5. It seems America isn't the only place that is interested in the Toyota Tundra. CarAdvice.com.au reports there is “enormous demand” for the Tundra in Australia. Speaking with Tony Cramb, Toyota AU's executive director of sales and marketing said there was room for a larger truck. But there are two key items withholding the Tundra from the Australian marketplace. “We have an enormous demand for a Tundra here in Australia, there’s no doubt if we could get a diesel Tundra, then I think we’d sell 100 a month. But regrettably because it’s manufactured in the States, it’s unlikely to happen that way," said Cramb “… We’ve had strong requests at dealer meetings to get the Tundra here, and we have made representation. But when it comes down to it, because it’s not LHD here, and because it’s petrol, in the end it’s very hard to make the case.” For now, those who are interested in buying a Tundra in Australia can visit an importer and pick up one for around 120,000 AUD (about $94,000). Source: CarAdvice.com.au View full article
  6. You would think that with the introduction of the Chevrolet Colorado/GMC Terrain and refreshed Toyota Tacoma, the likes of Ford and Ram would be getting in the midsize truck action. But Ram boss Bob Hegbloom can't make it work for the brand. The problem according to Automotive News is the price of higher fuel economy. Hegbloom explained that back in the heyday of midsize trucks - the 1980's - consumers bought them because they were considerably smaller, less expensive, and boasted impressive fuel economy. Although midsize trucks had less capability than their full-size compatriots, consumers didn't mind. "When you look at those four factors, that's truly what a midsize pickup customer is looking for. I've been able to develop a strategy to come up with three of the four -- and even with what's out there on the market today, I haven't seen anyone who can deliver on all four," said Hegbloom. To Hegbloom, a midsize truck from Ram would have to achieve 35 MPG on the highway. The Ram 1500 EcoDiesel can achieve 29 MPG on the highway. "If full-size now is pushing 30 [mpg], you're going to expect a midsize to be at least at 35. You're also going to expect it to be significantly less expensive. But to bring the technology in to deliver on 35 mpg, then you're going to raise the price," said Hegbloom. Source: Automotive News (Subscription Required) View full article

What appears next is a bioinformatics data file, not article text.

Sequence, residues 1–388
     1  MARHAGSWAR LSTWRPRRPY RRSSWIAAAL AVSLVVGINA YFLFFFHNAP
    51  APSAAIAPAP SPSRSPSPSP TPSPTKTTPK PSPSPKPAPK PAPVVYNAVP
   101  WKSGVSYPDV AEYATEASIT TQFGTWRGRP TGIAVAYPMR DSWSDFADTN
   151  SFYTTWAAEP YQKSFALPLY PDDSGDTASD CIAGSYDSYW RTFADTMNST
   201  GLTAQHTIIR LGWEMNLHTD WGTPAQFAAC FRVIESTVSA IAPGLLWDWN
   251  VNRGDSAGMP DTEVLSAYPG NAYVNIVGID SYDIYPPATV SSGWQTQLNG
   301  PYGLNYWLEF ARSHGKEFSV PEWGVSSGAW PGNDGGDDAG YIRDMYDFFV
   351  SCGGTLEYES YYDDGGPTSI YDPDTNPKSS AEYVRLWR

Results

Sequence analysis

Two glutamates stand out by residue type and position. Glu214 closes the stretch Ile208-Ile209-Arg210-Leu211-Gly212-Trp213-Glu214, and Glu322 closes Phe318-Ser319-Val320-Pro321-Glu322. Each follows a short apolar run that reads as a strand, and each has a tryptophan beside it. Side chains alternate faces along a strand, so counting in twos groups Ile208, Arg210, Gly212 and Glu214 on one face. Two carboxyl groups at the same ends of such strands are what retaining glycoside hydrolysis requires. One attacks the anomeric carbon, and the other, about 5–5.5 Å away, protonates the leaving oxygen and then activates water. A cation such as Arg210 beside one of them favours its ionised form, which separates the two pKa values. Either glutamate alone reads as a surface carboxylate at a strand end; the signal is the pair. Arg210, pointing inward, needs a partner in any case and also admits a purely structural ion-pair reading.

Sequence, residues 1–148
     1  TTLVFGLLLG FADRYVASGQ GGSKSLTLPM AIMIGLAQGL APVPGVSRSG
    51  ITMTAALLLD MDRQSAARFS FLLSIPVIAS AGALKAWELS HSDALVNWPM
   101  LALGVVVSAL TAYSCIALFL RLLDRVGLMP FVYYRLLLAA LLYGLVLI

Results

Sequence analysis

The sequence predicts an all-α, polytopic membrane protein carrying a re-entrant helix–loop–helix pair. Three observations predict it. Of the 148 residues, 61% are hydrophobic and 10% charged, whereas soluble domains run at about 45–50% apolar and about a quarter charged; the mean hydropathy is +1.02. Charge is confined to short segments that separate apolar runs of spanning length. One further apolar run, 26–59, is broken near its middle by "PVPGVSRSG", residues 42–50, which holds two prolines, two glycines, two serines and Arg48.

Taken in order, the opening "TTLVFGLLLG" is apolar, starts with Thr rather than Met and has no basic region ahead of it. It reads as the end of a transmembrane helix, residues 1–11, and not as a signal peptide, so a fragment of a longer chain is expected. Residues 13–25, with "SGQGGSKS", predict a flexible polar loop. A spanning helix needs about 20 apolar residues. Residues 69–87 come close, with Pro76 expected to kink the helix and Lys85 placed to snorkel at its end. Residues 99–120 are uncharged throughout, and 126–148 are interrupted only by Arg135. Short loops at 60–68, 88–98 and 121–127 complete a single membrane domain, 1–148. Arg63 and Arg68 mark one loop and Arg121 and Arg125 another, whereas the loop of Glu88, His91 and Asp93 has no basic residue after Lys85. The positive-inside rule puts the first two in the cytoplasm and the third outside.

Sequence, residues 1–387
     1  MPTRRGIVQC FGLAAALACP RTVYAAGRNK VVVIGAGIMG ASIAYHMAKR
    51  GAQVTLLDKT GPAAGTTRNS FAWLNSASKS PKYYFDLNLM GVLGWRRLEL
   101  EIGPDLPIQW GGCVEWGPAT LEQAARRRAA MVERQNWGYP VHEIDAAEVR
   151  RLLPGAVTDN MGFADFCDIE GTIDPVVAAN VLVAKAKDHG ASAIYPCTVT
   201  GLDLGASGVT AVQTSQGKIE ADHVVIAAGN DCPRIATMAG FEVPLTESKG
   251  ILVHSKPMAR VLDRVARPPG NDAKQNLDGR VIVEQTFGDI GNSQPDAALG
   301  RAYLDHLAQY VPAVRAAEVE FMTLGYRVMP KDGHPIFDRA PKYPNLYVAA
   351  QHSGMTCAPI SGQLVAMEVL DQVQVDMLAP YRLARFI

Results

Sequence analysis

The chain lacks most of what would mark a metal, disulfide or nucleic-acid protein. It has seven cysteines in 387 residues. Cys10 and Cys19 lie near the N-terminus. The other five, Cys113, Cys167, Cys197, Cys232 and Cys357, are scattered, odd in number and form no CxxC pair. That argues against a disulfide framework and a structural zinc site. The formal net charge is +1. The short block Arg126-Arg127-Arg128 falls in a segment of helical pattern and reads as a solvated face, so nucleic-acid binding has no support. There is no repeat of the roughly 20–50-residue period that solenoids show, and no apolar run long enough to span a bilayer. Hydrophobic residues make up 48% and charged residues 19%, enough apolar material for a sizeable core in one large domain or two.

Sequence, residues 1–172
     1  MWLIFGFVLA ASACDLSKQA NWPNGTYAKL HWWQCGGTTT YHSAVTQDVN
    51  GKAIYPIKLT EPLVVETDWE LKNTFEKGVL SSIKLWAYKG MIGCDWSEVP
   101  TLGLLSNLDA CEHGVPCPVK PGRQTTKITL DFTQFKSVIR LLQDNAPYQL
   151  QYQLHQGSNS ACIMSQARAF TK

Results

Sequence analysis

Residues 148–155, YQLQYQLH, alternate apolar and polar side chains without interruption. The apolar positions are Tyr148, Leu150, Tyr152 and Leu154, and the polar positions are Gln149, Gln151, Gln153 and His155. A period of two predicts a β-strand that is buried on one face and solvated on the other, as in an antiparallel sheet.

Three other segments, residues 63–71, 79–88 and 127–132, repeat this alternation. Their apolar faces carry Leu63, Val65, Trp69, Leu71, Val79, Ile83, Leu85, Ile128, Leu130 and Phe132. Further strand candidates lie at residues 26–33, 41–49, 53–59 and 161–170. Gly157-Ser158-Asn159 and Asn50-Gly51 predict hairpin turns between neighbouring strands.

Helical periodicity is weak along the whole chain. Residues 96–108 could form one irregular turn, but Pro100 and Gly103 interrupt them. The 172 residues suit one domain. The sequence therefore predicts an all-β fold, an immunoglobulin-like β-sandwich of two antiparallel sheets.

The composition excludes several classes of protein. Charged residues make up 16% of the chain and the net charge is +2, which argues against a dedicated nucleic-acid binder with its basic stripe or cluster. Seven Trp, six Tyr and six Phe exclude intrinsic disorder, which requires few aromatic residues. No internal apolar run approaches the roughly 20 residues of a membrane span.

7. William Maley Staff Writer - CheersandGears.com July 16, 2013 The rumors of the impending death of Dodge have been swirling around for the past year or so, thanks to products being moved to another brand or becoming their own, and products being dropped off with no word of a replacement. However, SRT CEO Ralph Gilles says Dodge is sticking around. "Dodge is here to stay! It may get more focused going forward but not killed!," Gilles said on Instagram in response to a question by a user. The 'more focused' has us wondering though: With the rumors of the Grand Caravan and possibly the Durango being killed off, does this mean Dodge will solely be a car brand? Source: Instagram, Autoblog William Maley is a staff writer for Cheers & Gears. He can be reached at william.maley@cheersandgears.com or you can follow him on twitter at @realmudmonster. View full article
  8. Rumors have been flying around for few years of a Ford Fiesta RS. The model would sit above the ST and use the same turbocharged 1.6L four-cylinder. The difference is the RS would use an uprated turbo. Other changes included a more aggressive body kit and retuned suspension. But Tyrone Johnson, Ford Performance’s chief engineer and head of vehicles says there isn't a Fiesta RS in the pipeline. “In terms of Fiesta RS, I have seen some comments from senior Ford people that it’s definitely not in the plan. Typically we don’t talk about future products but in that particular one there has been some comments that it’s definitely not in the plan,” Johnson said to CarAdvice. Currently, Ford Performance still has seven out of twelve models to still reveal before 2020 (models already revealed: Fiesta ST, Focus ST, Focus RS, Mustang GT350R, and GT supercar). With the Fiesta RS out, it makes wonder what are the remaining seven. Source: CarAdvice Pic Credit: William Maley for Cheers & Gears View full article